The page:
Morning Advantage: A Bad Social Media Policy, or Just Bad Management?

Writing on Gawker, Cord Jefferson asks, "Should this Louisiana TV reporter be fired for responding to racist comments on Facebook?" It should be noted (and Jefferson does) that Rhonda Lee, the reporter in question, responded very calmly to multiple racially charged comments left on her TV station's Facebook wall. The problem? The station, KTBS, apparently has a policy against any response to social media complaints other than to direct the complainant to phone the station and leave a message. Lee and another reporter (who the station hastened to mention is a white male) were both fired for "repeatedly violating that procedure." Gawker raises some key questions about this case ("At what point does a company's 'stay mum' social media policy become injurious to an employee's sense of dignity? And... should level, reasoned responses like Lee's merit termination?") before concluding the obvious: that this "archaic" policy just strips "the 'social' out of 'social media.'" But I'd go one further; I'd just call it bad management.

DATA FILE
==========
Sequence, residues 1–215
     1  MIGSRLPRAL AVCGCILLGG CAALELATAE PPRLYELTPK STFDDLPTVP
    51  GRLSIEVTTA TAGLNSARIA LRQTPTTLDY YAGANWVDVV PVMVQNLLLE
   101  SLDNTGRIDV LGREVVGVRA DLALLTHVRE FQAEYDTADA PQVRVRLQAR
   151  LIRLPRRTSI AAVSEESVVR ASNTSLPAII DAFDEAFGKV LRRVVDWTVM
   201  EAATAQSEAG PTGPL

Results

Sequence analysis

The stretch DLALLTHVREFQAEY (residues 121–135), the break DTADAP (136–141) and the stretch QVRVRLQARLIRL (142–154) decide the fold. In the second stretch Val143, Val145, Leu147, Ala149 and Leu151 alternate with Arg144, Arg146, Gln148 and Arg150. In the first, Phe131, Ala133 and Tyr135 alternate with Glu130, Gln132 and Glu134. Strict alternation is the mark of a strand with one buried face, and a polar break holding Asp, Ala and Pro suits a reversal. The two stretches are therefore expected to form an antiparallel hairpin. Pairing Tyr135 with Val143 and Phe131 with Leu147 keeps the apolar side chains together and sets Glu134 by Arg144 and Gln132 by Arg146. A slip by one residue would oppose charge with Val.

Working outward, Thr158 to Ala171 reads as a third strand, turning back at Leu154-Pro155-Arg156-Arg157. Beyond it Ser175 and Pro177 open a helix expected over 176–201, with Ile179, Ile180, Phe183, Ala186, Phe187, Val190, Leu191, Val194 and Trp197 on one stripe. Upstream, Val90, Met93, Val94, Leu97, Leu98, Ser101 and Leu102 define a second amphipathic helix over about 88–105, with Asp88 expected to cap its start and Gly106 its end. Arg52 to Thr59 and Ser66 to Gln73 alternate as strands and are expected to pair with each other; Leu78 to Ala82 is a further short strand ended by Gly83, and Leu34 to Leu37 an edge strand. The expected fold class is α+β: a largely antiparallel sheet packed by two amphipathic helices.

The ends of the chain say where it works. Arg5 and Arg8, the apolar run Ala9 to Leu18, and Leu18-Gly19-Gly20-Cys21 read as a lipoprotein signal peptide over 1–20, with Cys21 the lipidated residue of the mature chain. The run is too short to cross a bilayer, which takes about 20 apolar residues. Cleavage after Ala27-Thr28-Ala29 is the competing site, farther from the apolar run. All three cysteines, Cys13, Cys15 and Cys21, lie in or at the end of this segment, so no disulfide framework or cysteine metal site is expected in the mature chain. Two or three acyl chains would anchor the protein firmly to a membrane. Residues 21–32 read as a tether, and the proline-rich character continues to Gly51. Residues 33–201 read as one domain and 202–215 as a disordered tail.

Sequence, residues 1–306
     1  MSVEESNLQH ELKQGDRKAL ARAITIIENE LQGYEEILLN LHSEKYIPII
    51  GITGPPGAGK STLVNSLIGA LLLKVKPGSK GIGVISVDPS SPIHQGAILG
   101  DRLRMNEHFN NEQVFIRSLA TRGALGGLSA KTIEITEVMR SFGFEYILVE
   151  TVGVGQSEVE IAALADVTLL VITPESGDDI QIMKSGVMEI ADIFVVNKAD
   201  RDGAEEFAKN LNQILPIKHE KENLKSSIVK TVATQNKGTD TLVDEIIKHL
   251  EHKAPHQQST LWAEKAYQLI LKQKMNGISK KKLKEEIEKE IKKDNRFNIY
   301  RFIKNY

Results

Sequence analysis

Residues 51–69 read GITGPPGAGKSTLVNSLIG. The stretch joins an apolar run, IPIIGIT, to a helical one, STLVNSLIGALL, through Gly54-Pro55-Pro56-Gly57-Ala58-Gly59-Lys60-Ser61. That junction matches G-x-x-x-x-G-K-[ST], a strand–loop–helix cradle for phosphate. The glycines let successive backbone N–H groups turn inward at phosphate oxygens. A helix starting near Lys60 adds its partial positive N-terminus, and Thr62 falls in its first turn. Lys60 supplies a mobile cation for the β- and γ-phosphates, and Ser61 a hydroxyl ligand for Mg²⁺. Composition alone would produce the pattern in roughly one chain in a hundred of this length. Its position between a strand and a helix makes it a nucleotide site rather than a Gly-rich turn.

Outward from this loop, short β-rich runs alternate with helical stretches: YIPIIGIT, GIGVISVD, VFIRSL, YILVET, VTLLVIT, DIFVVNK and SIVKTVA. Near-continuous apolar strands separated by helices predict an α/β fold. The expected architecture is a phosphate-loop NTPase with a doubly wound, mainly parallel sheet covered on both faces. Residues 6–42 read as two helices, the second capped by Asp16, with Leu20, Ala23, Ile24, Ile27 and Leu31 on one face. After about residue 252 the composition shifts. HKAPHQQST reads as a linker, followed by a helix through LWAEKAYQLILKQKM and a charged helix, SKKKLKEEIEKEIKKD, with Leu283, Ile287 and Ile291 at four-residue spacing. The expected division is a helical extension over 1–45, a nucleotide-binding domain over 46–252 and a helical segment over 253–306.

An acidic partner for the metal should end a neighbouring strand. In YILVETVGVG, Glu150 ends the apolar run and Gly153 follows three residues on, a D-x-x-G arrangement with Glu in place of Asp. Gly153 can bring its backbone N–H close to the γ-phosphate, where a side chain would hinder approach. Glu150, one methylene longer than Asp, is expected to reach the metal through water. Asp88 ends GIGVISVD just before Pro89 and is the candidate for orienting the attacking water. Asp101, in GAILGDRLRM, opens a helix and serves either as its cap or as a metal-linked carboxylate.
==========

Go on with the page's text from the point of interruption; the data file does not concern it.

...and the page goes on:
Lee says she wasn't aware of the policy, which the station says was communicated at a meeting (that she missed) and in an email. I'm feeling suddenly alarmed about the 229 unread emails in my inbox.

BEYOND JUGGLING

Leadership and the Art of Plate-Spinning (McKinsey Quarterly)

Organizational leadership is inherently paradoxical, argues Colin Price in this piece. For instance: focusing on shareholder value does not seem to drive shareholder value. And: organizations change more readily when some things are kept stable. Plus: if you want to foster consistency of quality, you have to tolerate some level of variability, and even failure. If you think your job is hard, digesting this piece will help you understand why.

NO IS NOT A COMPLETE SENTENCE

Rejecting an Employee’s Idea Can Lead to Great Things (Innovation Excellence)

When you reject an employee’s idea, don't try to minimize the hurt. Don’t rationalize, don’t try to make the person feel better. Instead, let the rejection sink in, then assign the employee to a new and important task. Put her on a project where she can prove herself and “get even” with you. Research shows that rejection breeds creativity, especially for those who consider themselves highly independent. Once a person is freed from the expectations of the group, she can really push the limits of novelty. — by Andy O'Connell

BONUS BITS:

#Longreads

Nine Ways Successful People Defeat Stress, According to Research (HBR.org)
What Every Entrepreneur Should Know About Patent Trolls (Inc.)
How to Do a Proper Self-Review and Identify Your Professional Pain Points (Before Your Boss Does) (Lifehacker)

This entry was posted in Leadership. Bookmark the permalink.

Comments are closed.